An Oxford University academic, Professor Julian Savulescu, has raised the temperature in an already heated debate on the so-called ‘designer babies’, by publicly pledging his support for embryo screening of personality traits. Savulescu proposed that it would be unethical to ignore this particular advance in genetic engineering, even describing the opportunity as a “moral obligation”.
Embryo screening involves the pre-implantation testing of an embryo, as part of an IVF treatment. It has been suggested that, within the next five years, IVF clinicians may be able to screen each and every embryo for its physical and psychological features; if the results are not as desirable as hoped, those particular genes would be screened out of the process. Certain genes linked to depression and violence, such as the MAOA ‘warrior’ gene, will also be highlighted in the process, allowing parents to ‘perfect’ their offspring.
Wouldn’t it be better to preserve some faith in our future generations? After all, we’ve survived as a species thus far. Perhaps, some of the World’s most influential and intelligent people wouldn’t be here today if they had been screened as embryos and it had been decided that they didn’t fit the bill. We should be able to accept that not one person is a perfect mix, as that’s the whole point of our species. We’re diverse, and it is our diversity that allows us to develop as an international species. Remove the diversity, and we wouldn’t be half as interesting or adept.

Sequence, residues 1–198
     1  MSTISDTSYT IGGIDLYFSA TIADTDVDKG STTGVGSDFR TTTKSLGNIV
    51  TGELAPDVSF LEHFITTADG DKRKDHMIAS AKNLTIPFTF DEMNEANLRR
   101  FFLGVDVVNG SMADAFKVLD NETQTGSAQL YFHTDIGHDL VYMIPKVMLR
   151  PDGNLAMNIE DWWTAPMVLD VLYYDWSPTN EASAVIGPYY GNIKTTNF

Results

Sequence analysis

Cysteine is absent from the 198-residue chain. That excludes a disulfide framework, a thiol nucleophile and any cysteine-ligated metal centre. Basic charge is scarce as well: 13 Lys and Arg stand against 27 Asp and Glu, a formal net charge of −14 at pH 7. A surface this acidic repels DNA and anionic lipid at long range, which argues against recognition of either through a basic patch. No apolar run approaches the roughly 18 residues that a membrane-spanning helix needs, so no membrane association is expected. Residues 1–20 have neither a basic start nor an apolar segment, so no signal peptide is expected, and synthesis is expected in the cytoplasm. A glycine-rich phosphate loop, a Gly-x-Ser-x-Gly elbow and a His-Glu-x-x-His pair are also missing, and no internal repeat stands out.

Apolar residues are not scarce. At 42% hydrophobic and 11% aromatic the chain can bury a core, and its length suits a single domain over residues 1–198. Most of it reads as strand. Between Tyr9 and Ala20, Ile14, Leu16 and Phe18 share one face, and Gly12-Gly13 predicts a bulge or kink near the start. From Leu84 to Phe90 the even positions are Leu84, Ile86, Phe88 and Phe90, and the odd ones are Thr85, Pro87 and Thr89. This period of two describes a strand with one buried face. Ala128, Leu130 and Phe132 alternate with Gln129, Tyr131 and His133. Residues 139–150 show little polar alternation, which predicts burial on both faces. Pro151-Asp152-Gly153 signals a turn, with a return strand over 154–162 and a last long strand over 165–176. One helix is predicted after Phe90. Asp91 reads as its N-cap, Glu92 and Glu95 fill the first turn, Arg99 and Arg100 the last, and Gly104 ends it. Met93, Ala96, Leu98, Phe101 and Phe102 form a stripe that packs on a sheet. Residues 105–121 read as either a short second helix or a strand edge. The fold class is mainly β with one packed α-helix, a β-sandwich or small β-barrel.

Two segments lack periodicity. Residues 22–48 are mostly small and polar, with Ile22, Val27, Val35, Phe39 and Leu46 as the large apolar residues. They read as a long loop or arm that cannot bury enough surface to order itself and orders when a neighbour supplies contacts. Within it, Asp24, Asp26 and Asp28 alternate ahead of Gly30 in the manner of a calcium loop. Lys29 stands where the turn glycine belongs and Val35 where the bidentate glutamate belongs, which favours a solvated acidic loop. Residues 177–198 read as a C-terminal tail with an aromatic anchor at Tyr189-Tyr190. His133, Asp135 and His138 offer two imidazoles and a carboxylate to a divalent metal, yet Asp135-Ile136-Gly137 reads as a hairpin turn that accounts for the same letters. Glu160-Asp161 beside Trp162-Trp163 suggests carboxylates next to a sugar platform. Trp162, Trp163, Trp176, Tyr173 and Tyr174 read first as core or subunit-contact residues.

Dicing with the lives of thousands of children is considered to be morally acceptable by Savulescu, the expert in practical ethics, as long as the outcome is that of a more stable and safe society. But how can we judge what our nation will be like in twenty years, when history has shown that society is inherently unpredictable, and liable to change. In addition, study upon study into psychological development has shown that personality traits are not simply the outcome of genetics; upbringing and life experiences affect a personality beyond the grasp of genetics. How can we ‘morally’ select an embryo for its admirable genes, when we can’t be sure that the person will grow into them?
It seems that Savulescu’s point of view on the matter is fundamentally flawed. It certainly would be a step in the right direction to determine if your child is more susceptible to health problems, but where will this search for ‘perfection’ finish? Once people are able to pre-determine personality traits, pre-determined physical traits such as hair colour and height are just around the corner, with the potential to turn the nation into a nightmarish sequel to The Stepford Wives.
The problem is that if we start messing around with future personalities, IVF clinicians will be treading a very thin line between ‘success’ and treating our future generations as guinea pigs, something I hope nobody in their right minds would advocate. Perhaps we should slow the process down a few notches, before we all start affixing ‘Made in the UK’ labels to our embryos.